I was sad to see the demise of Moonlighting.  Regardless of their lack of off-screen affection, their chemistry on-screen was terrific.  I’m not so sure it was the consumation of the characters’ relationship as much as their absence for a season that started the show on its downward spiral.  I can’t remember for sure, but I think it was a salary dispute.  The other actor and actress (who played Herbert Viola and Miss DiPesto) didn’t quite have the umph needed to carry the show . . .

    • #22
  23. Titus Techera Contributor
    Titus Techera
    @TitusTechera

    Apparently, it was a popular show & people still have fond memories 30 years later! A film critic I know also pointed to that musical scene as one of the accomplishments of the show–as for director Stanley Donen, although he’s primarily famous for musicals, he also made famous thrillers like Charade & a bunch of other good Cary Grant pictures. Never even got an Oscar nomination.

    • #23
  24. James Hageman Coolidge
    James Hageman
    @JamesHageman

    Sadly this is a real retirement, not a Tom Brady retirement.

    • #24
  25. Randy Weivoda Moderator
    Randy Weivoda
    @RandyWeivoda

    Stad (View Comment):
    The other actor and actress (who played Herbert Viola and Miss DiPesto) didn’t quite have the umph needed to carry the show . . .

    True, but they sure were a nice complement to the stars.

    • #25
  26. Gary Robbins Member
    Gary Robbins
    @GaryRobbins

    Damn.  Damn.  Damn.  In 2006, my Marilee had a massive stroke which resulted in aphasia.  I would say something to Marilee.  It would take about 5 seconds for Marilee to interpret what I had said.  Almost immediately she would know what she wanted to say back to me.  But it took about 5 more second for Marilee to make a witty remark.  My conclusion was that she was all there, but could not get the words out.  Marilee was such a smart woman.  (After the stroke, it was discovered that my Marilee had Stage 4 lung cancer; it was thought that the cancer cells helped create the stroke.  She died 100 days after her stroke.)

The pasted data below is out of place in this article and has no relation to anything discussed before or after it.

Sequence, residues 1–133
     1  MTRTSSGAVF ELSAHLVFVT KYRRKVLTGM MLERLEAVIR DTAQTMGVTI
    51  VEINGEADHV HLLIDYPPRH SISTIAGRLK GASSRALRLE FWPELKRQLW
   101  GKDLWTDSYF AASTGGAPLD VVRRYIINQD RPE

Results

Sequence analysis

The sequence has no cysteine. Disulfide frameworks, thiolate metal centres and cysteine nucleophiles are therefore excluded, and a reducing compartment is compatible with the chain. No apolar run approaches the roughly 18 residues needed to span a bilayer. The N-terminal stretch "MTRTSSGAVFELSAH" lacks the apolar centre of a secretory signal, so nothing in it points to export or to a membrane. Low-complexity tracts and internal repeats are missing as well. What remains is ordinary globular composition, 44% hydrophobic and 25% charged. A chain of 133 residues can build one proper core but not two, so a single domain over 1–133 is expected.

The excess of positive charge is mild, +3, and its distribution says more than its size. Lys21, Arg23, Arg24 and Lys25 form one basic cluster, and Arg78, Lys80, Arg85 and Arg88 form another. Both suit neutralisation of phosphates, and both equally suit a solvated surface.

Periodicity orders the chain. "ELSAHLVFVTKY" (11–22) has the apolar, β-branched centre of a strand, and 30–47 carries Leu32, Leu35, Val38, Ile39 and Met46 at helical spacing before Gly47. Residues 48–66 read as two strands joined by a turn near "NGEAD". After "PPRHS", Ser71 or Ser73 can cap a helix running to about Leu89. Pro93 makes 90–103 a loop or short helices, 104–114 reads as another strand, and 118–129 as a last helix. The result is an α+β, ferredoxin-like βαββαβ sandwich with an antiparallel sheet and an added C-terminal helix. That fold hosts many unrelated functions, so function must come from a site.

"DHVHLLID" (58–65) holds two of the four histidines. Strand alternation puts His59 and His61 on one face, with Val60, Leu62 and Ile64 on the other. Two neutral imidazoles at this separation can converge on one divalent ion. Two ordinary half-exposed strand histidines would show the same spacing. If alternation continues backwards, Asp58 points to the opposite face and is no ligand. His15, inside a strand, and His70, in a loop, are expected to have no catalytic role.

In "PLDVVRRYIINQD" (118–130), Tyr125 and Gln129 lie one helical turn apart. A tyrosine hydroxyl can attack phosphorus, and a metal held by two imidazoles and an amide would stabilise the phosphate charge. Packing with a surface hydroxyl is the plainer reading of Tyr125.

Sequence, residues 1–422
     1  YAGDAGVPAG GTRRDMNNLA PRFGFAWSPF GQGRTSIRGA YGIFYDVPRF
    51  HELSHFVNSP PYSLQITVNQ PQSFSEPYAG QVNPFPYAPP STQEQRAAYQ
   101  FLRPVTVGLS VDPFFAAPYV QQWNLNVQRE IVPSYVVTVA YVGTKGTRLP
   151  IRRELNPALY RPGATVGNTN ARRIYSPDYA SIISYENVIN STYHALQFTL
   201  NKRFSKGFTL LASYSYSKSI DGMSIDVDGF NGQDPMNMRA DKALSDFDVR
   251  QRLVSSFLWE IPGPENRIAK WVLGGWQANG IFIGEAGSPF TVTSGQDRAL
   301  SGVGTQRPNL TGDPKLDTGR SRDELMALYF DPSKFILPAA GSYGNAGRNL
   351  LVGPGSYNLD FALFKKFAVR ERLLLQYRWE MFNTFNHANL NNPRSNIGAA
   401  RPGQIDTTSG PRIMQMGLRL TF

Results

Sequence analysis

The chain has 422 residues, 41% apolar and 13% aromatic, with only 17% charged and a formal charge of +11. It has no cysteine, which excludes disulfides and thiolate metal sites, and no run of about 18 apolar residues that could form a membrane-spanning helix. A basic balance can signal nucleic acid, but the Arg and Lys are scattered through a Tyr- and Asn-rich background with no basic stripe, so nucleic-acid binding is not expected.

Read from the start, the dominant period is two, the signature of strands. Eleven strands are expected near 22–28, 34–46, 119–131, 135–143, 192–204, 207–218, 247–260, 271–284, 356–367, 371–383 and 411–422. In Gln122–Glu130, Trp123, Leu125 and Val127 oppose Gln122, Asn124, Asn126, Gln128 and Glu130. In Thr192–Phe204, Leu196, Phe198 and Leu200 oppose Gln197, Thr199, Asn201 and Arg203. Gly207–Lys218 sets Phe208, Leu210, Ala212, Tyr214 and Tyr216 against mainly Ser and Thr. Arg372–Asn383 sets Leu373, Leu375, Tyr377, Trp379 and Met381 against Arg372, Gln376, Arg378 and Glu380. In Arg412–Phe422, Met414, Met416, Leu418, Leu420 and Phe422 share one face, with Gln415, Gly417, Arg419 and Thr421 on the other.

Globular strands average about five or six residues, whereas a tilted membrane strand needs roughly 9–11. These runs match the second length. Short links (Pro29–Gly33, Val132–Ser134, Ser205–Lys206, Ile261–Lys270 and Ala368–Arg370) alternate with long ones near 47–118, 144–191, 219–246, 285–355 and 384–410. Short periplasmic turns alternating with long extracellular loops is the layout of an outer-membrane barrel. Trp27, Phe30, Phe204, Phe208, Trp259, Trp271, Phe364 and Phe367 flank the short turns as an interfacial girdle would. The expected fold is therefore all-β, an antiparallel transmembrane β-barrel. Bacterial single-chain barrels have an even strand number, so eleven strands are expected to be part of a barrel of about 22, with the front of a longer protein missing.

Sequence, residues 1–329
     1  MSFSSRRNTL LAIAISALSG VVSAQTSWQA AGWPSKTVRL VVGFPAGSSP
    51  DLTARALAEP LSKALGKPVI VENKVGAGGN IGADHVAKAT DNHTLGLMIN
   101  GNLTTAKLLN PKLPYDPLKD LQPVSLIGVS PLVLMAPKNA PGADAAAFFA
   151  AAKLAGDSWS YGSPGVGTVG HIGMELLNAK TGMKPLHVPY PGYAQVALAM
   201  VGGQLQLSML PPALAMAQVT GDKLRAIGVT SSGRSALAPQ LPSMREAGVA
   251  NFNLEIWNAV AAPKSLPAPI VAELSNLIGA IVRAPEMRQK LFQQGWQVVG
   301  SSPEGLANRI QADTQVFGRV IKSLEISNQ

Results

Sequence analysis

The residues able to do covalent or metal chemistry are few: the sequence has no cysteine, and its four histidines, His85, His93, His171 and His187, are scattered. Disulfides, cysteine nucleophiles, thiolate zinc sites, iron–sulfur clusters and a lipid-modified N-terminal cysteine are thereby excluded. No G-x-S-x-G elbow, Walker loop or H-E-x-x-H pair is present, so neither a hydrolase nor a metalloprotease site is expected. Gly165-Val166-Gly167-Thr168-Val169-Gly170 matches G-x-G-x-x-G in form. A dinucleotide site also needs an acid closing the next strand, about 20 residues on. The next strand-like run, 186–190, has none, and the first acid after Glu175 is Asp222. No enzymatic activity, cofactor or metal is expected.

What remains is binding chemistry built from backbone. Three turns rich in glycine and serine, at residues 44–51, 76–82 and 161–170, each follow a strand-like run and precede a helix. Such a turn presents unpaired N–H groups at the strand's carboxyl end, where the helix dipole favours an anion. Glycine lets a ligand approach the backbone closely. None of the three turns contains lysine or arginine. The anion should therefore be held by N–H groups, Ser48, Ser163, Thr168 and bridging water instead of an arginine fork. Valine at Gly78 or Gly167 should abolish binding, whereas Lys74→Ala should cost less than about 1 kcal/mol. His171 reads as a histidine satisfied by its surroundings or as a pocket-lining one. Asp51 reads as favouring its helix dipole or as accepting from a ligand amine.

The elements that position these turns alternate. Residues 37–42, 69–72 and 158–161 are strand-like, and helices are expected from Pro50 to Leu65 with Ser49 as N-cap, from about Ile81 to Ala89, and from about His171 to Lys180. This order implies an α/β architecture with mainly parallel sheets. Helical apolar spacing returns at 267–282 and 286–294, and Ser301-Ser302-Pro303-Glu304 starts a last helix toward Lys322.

If Bruce Willis has the same type of aphasia, he is still all there.  He just can’t carry on a conversation.  Damn.  Damn.  Damn.

    • #26
  27. Old Bathos Moderator
    Old Bathos
    @OldBathos

    Gary Robbins (View Comment):

    Damn. Damn. Damn. In 2006, my Marilee had a massive stroke which resulted in aphasia. I would say something to Marilee. It would take about 5 seconds for Marilee to interpret what I had said. Almost immediately she would know what she wanted to say back to me. But it took about 5 more second for Marilee to make a witty remark. My conclusion was that she was all there, but could not get the words out. Marilee was such a smart woman. (After the stroke, it was discovered that my Marilee had Stage 4 lung cancer; it was thought that the cancer cells helped create the stroke. She died 100 days after her stroke.)

    Brutal, Gary.  Sorry for your loss.

     

    • #27
  28. Chris O Coolidge
    Chris O
    @ChrisO

    namlliT noD (View Comment):

    EJHill (View Comment):

    Moonlighting was so hot during the second and third years of its run. So much so that ABC literally handed creator Glenn Gordon Caron a blank check. At its peak it was pulling in a 44 share.

    It also has the distinction of being the single most expensive hour of series television with the 7th episode of the third season, “Atomic Shakespeare,” a send up of The Taming of the Shrew. They used two A Units for filming and the crew was on overtime for the 9-day shooting schedule resulting in a $5M tab. That would be over $12.7M adjusted for inflation.

    My favorite was the episode before that, “Big Man on Mulberry Street”.

    Maddy has a dream that takes the form of a classic Hollywood dance scene. The music is Billy Joel’s “Big Man on Mulberry Street”, which is pretty awesome, and extended a bit with an edit. And they got Stanley Donen, the guy behind “On the Town” and “Singing in the Rain”, to do the choreography.

    One problem; neither Cybil nor Bruce can actually dance. So that was a bit of a challenge in the choreography department. No matter, they pulled it off with remarkable grace.

    Love the scene, and more, love that they had the creative freedom and inspiration to do it. 

    • #28
  29. Stad Coolidge
    Stad
    @Stad

    Randy Weivoda (View Comment):

    Stad (View Comment):
    The other actor and actress (who played Herbert Viola and Miss DiPesto) didn’t quite have the umph needed to carry the show . . .

    True, but they sure were a nice complement to the stars.

    Hell yes!  They were spendid in their supporting roles . . .

    • #29
  30. Stad Coolidge
    Stad
    @Stad

    Old Bathos (View Comment):

    Gary Robbins (View Comment):

    Damn. Damn. Damn. In 2006, my Marilee had a massive stroke which resulted in aphasia. I would say something to Marilee. It would take about 5 seconds for Marilee to interpret what I had said. Almost immediately she would know what she wanted to say back to me. But it took about 5 more second for Marilee to make a witty remark. My conclusion was that she was all there, but could not get the words out. Marilee was such a smart woman. (After the stroke, it was discovered that my Marilee had Stage 4 lung cancer; it was thought that the cancer cells helped create the stroke. She died 100 days after her stroke.)

    Brutal, Gary. Sorry for your loss.

     

    Ditto.  So sad . . .

    • #30